Colonel James Walker Benet
served as the Commandant of Benicia's Civil War ear Arsenal
from mid-1905 to mid-1911. During this time he, his wife
Frances and their youngest son, Stephen, lived in the
Commanding Officer's Quarters. When not away - such as
at college - daughter Laura and son William also called
the Mansion home.
During the family's Benicia
years, Stephen grew from child to teen. Also, this was
an important time in which the family was together, before
the children began achieving literary success.
In addition to his Arenal
duties, the Colonel was an avid reader and active father,
heavily influencing his children in the areas of literature,
history and the military code of duty, honor and country.
Stephen would later write two historical poems, for example.
One of these, John Brown's Body, relied in part
upon his father's civil war stories (Colonel Benet had
met Grant, Sherman and other generals when a child). These
stories were strengthened by the settings in which they
were told, including the Civil war era atmosphere of the
Also, Stephen built upon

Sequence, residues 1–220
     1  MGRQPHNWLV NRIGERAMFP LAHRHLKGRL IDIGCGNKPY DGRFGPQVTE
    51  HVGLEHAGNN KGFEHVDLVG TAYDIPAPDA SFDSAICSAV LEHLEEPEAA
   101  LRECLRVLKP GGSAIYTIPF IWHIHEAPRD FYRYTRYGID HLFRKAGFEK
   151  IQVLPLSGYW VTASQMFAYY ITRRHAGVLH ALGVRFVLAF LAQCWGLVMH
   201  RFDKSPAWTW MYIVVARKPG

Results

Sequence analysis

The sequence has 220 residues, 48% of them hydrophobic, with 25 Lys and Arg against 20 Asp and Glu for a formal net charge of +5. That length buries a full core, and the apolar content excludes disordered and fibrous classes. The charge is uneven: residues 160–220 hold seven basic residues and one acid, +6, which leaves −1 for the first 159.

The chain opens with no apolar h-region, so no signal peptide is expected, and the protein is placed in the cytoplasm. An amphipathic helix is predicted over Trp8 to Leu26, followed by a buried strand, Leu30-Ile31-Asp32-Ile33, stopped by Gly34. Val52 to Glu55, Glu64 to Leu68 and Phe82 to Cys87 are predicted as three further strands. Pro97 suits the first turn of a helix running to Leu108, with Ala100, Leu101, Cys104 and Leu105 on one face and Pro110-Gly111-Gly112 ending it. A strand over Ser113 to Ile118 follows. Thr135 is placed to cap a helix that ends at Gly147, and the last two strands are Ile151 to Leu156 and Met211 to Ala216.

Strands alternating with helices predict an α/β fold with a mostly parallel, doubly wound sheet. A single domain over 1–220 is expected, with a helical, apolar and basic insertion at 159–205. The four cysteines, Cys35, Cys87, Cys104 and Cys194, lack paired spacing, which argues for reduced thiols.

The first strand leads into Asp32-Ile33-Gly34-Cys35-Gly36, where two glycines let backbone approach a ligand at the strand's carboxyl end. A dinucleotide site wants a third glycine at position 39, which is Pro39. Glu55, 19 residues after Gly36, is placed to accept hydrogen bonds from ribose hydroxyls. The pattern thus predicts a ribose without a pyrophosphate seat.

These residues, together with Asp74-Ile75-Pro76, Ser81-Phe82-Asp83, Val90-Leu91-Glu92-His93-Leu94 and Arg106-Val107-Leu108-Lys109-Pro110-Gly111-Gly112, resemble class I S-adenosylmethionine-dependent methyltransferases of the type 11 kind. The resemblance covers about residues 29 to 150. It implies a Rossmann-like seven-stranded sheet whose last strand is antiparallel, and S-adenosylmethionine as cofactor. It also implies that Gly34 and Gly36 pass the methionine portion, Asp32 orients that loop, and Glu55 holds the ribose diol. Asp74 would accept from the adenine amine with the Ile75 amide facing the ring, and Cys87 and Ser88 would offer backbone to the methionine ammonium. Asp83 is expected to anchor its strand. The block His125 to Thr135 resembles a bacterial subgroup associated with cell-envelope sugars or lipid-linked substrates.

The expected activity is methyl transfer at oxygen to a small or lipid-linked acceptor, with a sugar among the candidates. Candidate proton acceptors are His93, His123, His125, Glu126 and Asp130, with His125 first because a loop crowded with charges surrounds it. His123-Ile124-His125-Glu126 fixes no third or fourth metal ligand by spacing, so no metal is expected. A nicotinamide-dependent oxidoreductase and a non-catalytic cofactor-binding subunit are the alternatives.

his father's teaching of "duty, honor, country"
during the second World War. At that time, Stephen served
America by writing articles, national broadcasts and presidential
speeches - that were important in helping Americans, first
prepare for war and, then, to fight it.
Yet the Benet children
were not the Colonel's only "students." In Benicia's
old Athens-like environment, several other young writers
were frequent visitors. These included Leonard Bacon,
a young professor at UC Berkeley, and a struggling news
reporter named Sinclair Lewis. Lewis, in fact, spent the
entire summer, as well as Christmas, of 1909 - with the
Benets in Benicia.
Poet Bacon later described
the Arsenal as "the back-drop of a romantic play,
all pepper trees and acacias and fountains and pillared
porches." About the Colonel he said: "he knew
more about English poetry than most poets and all professors."
Novelist Lewis felt much love for the Colonel - in contrast
to the distance he felt from his own narrow-minded father.
Lewis loved the Colonel for his wit, his learning, his
kindness and his high standard of honor - "but most
of all for an almost indefinable gracefulness and graciousness
and ease which has always instructed me."
In future years, the young
people whom the Colonel influenced would publish close
to 100 books. These works would earn four Pulitzer Prizes
for poetry (two for Stephen, one for William and one for
Bacon), one Pulitzer for literature and America's First
Nobel Prize for literature (both earned by Lewis).
Influencing so many future
successful writers - an impressive achievement for a career
army officer. That those future writers grew and developed
in Benicia - left an impressive legacy for a small, California
Commanding Offcer's Quarters